Six months after the blast that devastated Beirut, Abed Al Kadiri suddenly moved to Paris, where he had acquired an artist’s visa known as the Talent Passport.
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“The departure was not only geographical, but also emotional and psychological,” he says.
“We’ve all been traumatised by what happened, but we didn’t know how to deal with that trauma. I only started to make sense of it when I left the country.”
He speaks to The National from a cafe in Paris, not far from Cite Internationale des Arts, where he has been awarded a studio space by Al-Mansouria Foundation.
“Staying in Lebanon produced nothing other than a daily struggle for our basic rights. I knew I would have more opportunities abroad to support my family than in Lebanon,” he says.
Al Kadiri thought he could begin to address his trauma a month after the blast, when he produced two large murals inside the devastated Galerie Tanit in Gemmayze. The drawings on 80 panels were sold as part of a charitable fundraiser.
“I thought that being inside the gallery and doing this exhibition would be a form of healing. But in reality, it was another hard experience."
This is not Al Kadiri’s first exile from the city. During Israel’s bombardment of Lebanon in 2006, he fled to Kuwait, only returning in 2014. “When I came back, I was doing my best to stay in Lebanon," he says.
The anti-government protests of October 2019, at which Al Kadiri was an active participant, further compelled him to stay. “The day the revolution started I had flown out to Beijing to give a talk at a museum. I immediately realised I had to go back to Lebanon. I wanted to be a part of what was happening."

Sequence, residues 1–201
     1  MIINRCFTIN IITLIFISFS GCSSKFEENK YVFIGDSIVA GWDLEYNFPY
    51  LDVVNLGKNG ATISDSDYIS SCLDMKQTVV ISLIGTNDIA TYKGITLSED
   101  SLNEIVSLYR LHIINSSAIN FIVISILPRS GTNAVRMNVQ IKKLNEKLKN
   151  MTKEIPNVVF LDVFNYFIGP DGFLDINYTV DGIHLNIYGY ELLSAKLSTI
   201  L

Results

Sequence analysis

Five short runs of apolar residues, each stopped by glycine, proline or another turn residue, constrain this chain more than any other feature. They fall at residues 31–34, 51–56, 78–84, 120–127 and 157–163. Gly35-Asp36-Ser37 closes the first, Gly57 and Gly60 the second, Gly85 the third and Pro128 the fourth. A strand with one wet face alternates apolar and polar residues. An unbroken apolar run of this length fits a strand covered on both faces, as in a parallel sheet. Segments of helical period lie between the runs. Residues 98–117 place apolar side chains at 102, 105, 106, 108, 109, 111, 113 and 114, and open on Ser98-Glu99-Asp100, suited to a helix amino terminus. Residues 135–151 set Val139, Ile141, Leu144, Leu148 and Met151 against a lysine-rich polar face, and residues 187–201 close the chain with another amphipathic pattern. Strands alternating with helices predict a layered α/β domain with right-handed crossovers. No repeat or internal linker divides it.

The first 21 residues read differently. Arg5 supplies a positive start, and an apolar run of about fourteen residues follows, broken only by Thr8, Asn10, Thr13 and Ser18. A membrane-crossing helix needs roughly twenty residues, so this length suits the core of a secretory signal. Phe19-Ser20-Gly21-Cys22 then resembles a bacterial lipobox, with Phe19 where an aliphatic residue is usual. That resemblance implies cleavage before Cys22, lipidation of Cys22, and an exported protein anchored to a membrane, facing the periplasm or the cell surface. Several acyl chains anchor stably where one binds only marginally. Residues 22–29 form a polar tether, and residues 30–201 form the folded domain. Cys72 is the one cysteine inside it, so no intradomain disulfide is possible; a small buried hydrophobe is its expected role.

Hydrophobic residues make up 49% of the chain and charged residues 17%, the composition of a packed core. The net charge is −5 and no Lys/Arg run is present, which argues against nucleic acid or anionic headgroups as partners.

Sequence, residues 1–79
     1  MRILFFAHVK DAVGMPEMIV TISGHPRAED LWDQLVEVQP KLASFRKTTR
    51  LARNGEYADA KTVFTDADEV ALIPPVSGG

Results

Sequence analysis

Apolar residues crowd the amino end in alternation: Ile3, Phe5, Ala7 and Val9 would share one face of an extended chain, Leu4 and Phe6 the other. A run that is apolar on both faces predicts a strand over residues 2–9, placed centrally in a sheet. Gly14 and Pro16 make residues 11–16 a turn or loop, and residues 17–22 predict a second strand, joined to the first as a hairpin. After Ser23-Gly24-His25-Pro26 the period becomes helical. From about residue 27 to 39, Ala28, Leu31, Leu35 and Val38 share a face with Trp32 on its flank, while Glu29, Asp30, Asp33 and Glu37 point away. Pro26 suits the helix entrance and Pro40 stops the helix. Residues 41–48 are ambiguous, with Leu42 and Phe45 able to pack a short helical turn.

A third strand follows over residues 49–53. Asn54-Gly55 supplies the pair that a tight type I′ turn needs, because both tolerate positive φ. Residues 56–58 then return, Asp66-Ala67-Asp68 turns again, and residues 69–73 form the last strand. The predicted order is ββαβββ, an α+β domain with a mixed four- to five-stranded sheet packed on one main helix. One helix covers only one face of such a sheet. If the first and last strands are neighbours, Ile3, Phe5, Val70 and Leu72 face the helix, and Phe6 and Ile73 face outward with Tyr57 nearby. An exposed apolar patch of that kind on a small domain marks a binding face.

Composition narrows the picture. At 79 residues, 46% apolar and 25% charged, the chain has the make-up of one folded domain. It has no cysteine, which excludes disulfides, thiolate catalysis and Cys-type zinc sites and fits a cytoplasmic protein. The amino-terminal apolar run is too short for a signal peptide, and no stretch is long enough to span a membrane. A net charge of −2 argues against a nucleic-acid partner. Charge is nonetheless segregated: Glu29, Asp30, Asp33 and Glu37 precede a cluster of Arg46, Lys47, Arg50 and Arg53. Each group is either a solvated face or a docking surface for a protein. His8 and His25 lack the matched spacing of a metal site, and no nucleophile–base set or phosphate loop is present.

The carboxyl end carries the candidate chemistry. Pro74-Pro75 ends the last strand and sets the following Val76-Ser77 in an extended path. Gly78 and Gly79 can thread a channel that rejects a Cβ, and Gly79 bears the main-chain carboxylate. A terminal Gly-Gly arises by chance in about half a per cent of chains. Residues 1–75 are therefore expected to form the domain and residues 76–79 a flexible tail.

Days later, he cut his trip short and flew back as protests continued to gain momentum. “I was out on the streets every day, protesting from the morning until night time. I couldn’t really make art during that time."
Instead, he kept a visual diary of his experiences, based on photographs he took with his phone. But the violence against protesters prevented him from staying on the streets.
That experience, followed by the blast, prompted the artist to leave. “I was alone for months when I first arrived because of the pandemic. That’s when the events of the past two years really hit me."
Today, Al Kadiri remains spiritually connected to Lebanon, and torn about his new life in France.
“I don’t want to lose my connection to Beirut. I feel there is something unsolved for me there. I was part of the revolutionary process, and I still want to be part of it, even if it is so difficult for me to be there,” he says.
“All of my emotional and psychological texture as an artist came from this city. It’s where I was born and raised, and where I witnessed its wars.”
Later this month, Al Kadiri will unveil 10 drawings from his diaries of the revolution at London’s Cromwell Place with Galerie Tanit.
“They are large-scale drawings on rice paper using Chinese ink – two mediums that I brought back from China,” he explains. “They reflect my physical presence at the protests, and document significant moments of the revolution.” He is also working on a painting project about the impact Lebanon’s social and political crisis has had on its youth.
But in these times of crisis, Al Kadiri struggles to make sense of his role as an artist. “The people in Lebanon are really suffering,” he says. “I can’t imagine a place for art at this time. How can art support or help when there is no hope for life?”
It's a difficult question for Beirut's cultural community, and one that only they will be able to answer.